Case-II transport is indicated by n =0.89, while n > 0.89 indicates Super case-II transport. Case II relaxation or super case II transport refers to the erosion of the polymeric chain29. The release mechanism for all the batches of ciprofloxacin tablets was by non-Fickian diffusion (0.45 < n < 0.89) as shown in Table 5.

3.2.9 Results of evaluation of drug- excipient interaction:-

The FTIR spectra of pure ciprofloxacin powder and admixture of ciprofloxacin and test gum (okra gum) are shown in Fig 6 and 7.The spectrum of pure ciprofloxacin showed major infra red (IR) bands in the functional group region around 2700 – 3500 cm-1 (which represents N–H stretch, O–H stretch and C–H stretch) and 1600 – 1800 cm-1 (which represents C=C, C=O and C=N stretches)30.

The spectrum of physical admixture of ciprofloxacin and okra gum showed the major bands as seen in the spectrum of ciprofloxacin but with weak intensity. The spectrum of formulated tablet (Fig 8), showed that there were no interactions between ciprofloxacin and the excipients used in the formulation since there was no appearance of a new peak, and/or disappearance of original drug or excipient peak which would be indicative of drug - excipient interaction.respectively. While Fig 7 represents the FTIR spectrum of formulation FB3 containing 10% w/w of okra gum.

4 Conclusions

From the study Okra gum has shown to be a well hydrated multifunctional polymer with good floating and bioadhesive properties and can possibly be used alone or in combination with sodium alginate and HPMC in the formulation of ciprofloxacin gastro-retentive dosage form.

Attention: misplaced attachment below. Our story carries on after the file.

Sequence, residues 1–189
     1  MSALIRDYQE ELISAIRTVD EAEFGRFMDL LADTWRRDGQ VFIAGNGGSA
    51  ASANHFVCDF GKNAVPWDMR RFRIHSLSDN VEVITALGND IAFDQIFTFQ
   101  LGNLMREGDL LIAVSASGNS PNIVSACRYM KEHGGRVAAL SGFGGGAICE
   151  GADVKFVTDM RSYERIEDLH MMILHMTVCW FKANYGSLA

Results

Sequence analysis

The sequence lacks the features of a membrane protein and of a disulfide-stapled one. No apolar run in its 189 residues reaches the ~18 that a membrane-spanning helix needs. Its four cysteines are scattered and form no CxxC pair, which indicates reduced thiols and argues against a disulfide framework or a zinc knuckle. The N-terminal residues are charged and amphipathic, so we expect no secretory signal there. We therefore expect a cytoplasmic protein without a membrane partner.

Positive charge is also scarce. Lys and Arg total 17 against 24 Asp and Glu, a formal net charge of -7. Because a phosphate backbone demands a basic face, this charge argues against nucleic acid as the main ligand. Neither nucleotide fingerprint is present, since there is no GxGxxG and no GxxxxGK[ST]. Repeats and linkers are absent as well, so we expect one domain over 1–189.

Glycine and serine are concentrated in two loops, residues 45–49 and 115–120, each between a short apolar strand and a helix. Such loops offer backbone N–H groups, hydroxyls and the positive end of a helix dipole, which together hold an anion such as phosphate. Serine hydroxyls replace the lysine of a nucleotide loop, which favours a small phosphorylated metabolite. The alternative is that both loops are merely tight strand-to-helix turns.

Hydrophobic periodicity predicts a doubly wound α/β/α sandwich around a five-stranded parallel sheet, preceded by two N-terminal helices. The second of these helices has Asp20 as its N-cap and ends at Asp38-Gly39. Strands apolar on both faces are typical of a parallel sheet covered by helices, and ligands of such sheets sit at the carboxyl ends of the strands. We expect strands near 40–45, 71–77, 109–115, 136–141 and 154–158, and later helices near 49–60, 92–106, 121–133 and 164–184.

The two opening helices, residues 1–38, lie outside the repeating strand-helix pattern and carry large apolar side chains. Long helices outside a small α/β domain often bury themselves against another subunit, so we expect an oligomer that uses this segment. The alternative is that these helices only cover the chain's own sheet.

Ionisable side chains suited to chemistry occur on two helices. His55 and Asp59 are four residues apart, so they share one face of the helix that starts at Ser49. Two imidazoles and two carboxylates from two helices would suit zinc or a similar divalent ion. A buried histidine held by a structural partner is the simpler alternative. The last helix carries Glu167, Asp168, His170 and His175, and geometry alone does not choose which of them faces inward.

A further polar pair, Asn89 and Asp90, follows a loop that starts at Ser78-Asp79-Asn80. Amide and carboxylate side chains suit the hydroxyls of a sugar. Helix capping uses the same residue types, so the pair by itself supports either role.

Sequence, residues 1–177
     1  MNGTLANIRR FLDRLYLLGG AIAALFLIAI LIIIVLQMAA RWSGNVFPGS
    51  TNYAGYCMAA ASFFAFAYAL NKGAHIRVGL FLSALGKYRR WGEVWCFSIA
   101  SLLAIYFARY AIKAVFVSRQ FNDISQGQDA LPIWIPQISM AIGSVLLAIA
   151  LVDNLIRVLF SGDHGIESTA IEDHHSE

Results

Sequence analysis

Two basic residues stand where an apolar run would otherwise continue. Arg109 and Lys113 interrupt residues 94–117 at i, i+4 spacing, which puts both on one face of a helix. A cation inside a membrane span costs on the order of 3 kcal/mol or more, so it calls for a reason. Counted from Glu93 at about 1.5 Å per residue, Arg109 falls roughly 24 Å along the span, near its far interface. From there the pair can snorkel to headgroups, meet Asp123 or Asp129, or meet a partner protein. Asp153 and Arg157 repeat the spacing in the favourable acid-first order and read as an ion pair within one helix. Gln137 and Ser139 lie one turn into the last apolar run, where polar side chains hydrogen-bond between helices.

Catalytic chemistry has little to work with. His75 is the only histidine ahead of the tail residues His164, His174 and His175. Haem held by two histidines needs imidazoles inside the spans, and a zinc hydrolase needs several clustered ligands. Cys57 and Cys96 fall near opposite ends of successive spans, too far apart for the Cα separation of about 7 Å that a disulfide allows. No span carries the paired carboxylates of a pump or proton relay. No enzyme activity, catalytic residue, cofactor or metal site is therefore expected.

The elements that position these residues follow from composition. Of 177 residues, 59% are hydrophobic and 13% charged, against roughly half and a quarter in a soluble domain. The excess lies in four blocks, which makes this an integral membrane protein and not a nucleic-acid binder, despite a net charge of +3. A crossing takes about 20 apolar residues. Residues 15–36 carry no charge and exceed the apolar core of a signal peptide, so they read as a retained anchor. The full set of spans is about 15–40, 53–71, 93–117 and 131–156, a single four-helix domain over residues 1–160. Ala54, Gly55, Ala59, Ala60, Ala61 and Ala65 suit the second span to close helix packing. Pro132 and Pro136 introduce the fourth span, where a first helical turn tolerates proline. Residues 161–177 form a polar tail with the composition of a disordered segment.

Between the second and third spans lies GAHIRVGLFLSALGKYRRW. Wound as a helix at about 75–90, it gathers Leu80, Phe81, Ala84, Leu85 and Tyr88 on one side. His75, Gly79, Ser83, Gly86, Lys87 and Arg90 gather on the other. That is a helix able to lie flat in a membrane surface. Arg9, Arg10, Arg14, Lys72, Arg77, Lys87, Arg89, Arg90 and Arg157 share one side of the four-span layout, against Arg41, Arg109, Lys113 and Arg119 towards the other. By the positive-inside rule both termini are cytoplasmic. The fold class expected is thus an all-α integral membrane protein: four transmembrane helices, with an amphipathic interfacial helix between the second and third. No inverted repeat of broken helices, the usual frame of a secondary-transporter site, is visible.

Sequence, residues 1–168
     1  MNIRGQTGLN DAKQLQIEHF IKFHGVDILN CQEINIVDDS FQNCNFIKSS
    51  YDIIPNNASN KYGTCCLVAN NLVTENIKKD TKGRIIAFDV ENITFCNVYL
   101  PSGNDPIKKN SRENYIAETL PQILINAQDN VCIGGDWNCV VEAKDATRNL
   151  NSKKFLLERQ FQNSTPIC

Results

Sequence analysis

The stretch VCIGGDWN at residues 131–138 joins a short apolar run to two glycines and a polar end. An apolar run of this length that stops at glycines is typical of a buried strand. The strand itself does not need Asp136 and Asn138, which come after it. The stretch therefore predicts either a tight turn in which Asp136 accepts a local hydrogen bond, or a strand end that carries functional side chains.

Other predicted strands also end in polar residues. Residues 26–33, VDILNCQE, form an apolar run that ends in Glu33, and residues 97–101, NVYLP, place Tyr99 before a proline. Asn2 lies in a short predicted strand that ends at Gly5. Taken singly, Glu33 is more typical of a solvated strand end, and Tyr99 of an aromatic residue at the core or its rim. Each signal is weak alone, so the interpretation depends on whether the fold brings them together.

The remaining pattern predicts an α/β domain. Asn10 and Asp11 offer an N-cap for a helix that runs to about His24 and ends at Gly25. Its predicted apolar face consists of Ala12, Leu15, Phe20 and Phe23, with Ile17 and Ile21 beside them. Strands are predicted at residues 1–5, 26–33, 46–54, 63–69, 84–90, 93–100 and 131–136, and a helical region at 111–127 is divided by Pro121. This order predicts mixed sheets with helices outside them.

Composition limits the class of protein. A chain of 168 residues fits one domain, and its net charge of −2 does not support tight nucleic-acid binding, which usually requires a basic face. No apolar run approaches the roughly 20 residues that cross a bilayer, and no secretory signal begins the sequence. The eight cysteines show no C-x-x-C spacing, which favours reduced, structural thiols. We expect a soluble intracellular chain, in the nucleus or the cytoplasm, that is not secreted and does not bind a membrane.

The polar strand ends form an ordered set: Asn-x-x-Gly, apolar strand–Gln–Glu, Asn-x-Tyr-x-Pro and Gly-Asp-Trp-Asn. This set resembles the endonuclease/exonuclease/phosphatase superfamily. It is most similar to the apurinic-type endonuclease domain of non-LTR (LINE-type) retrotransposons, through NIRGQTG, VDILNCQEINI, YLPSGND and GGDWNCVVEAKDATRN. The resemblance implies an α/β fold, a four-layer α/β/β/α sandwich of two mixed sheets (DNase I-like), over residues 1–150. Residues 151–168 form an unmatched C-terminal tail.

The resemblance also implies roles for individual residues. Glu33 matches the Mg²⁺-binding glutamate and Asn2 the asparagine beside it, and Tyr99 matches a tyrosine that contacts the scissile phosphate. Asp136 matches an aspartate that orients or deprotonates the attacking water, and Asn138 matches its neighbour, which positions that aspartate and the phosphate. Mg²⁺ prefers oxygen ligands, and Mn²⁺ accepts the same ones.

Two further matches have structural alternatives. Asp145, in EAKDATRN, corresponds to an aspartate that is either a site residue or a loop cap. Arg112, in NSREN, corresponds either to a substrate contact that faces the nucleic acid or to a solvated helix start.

Ciprofloxacin floating – bioadhesive drug delivery system can possibly be harnessed as a targeted site-specific (stomach-specific) delivery system in the eradication of Helicobacter pylori in gastric ulcer disease as well as in the treatment of Salmonella typhi induced enteric fever.

5 Conflict of interests

The authors declare that there is no conflict of interests regarding the publication of this paper.

6 Author’s contributions

ALALOR carried out literature review and experimental work of the present study. IWUAGWU was responsible for statistical work and manuscript proofing. UHUMWANGHO carried out discussion of the present study. All authors read and approved the final manuscript.

7 Acknowledgements

The authors are highly grateful to the technologists in the Department of Pharmaceutics and Industrial Pharmacy, Delta State University, Abraka for their technical support.

8 References

  1. Goole J, Vanderbist F, Aruighi K. Development and evaluation of new multiple-unit levodopa sustained-release floating dosage forms. Int. J. Pharm. 2007; 334: 35-41.
  2. Vyas SP, Khar RK . Gastroretentive systems. In: Controlled drug Delivery. Vallabh Prakashan, Delhi, India. 2006;197-217.
  3. Deshpande AA, Shah NH, Rhodes CT, Malick W. Development of a novel controlled-release system for gastric retention. Pharm. Res. 1997;14: 815-819.
  4. Nayak AK. Maji R, Das B. Gastroretentive drug delivery systems: A review. Asian J. Pharm. Clin. Res. 2010; 3: 2- 10.
  5. Siraj S, Khurshid M, Nazim IS, khan T. Recent trends in gastroretntive drug delivery system. Int. J. Pharm. Res. Dev. 2013; 5(9): 80-88.
  6. Patila H, Tiwaria RV, Repka MA. Recent advancements in mucoadhesive floating drug delivery systems: A mini-review. J. Drug Del Sci Tech. 2016; 31:  65–71.
  7. Hasnain SM, Rishishwar P, Ali S. Floating-Bioadhesive matrix tablets of hydralazine Hcl made of cashew gum and HPMC K4M. Int J Pharm Pharm Sci. 2017; 9 (7):124-129.
  8. Kailas KM, Shashikant CD. Design and optimization of modified tamarind gum-based floating-bioadhesive tablets of verapamil hydrochloride. Asian J. Pharm. 2016; 10: 239-250.